In advance of the LP's highly anticipated July 27 release, XLR8R spoke with the London-based DJ/producer to learn more about is debut album, with "Bróðir" streamable in full below.
The Foreign Parts LP is laced with a unique, signature sound. Is this something you actively tried to develop over time, or is it just natural to you?
It’s been natural progression - I’m finally making exactly what I want to be making. It’s frustrating for a producer starting out; you’ve got all the ideas but maybe not the skills to implement them. I’m now at the point that when I have an idea, I can generally get it down one way or another. When I’m producing I’m not looking for functionality; I’m looking to create a feeling, or mood. That’s what comes naturally to me.
Is there any particular motivation behind the name of the LP and any/all of the track names?
It’s a mixed bag. Foreign Parts for me is referencing influences I’ve gathered from all over. I just felt the Scandinavian aesthetic really suited the LP, especially tracks "Brodir" and "Systir." I travelled to Iceland and Norway earlier this year and these trips definitely gave me some inspiration whilst finishing off the LP. If I had an endless pot of money to record my next album then I’d write it in Norway.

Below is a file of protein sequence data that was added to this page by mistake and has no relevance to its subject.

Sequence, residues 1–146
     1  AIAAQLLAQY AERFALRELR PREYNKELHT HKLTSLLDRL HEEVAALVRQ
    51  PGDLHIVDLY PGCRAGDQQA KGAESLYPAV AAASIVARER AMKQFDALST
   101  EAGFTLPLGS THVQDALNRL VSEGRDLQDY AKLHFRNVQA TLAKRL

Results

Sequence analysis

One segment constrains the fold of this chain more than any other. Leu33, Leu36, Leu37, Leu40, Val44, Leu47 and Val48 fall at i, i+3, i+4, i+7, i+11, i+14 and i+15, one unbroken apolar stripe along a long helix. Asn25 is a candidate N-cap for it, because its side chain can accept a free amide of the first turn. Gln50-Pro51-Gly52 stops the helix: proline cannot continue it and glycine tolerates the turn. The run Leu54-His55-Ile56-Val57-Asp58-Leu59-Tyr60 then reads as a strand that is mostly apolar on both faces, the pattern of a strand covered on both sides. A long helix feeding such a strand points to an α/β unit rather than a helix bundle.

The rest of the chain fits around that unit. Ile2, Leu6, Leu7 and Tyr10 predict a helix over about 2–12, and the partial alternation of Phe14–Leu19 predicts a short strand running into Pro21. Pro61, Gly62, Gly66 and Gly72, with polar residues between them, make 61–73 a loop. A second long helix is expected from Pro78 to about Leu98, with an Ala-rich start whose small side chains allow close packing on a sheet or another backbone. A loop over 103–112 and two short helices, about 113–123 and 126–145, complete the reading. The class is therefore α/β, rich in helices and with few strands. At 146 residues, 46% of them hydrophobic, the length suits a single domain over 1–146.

Talk to me about the production process behind the LP. How long did it take to produce?
I was making this pool of tracks for the best part of a year. It was all made at home in my bedroom studio, using a few bits of hardware and field recordings. I like to use as much as I can from what’s surrounding and I also did some of the vocal samples myself.
Was there a particular vision or inspiration behind the album - or did you just go in the studio and jam?
Writing an LP was always quite a daunting prospect for me. I went into the process making it track by track and eventually I had enough to send to a favourite label of mine. They suggested doing it as an LP with them, so the idea actually stemmed from there.
Although the LP didn't actually end up coming out on said label, I was sending tracks back and forth with them during the recording period and this was an important aspect of quality control for me as everything had to go through a few pairs of ears.
The LP is a pretty good reflection of my tastes because I’m drawn to this deep and soulful, organic sounding music. Some tracks in there that are suitable for the club, some not so much. I guess I wanted the LP to be translatable into different circumstances.
As far as LPs go, the running time is quite short. Is there any reason behind this, or was it just a case of quality of quantity?
When I decided to self-release, I knew that I had to completely stand behind the record because that was completely my vision. I had around 12 tracks and the quality was there for me - however these seven have a really coherent feel to them. It was a tough call cutting it down but in hindsight I’m glad I did. A few of the other tracks will be surfacing one way or another before the years out.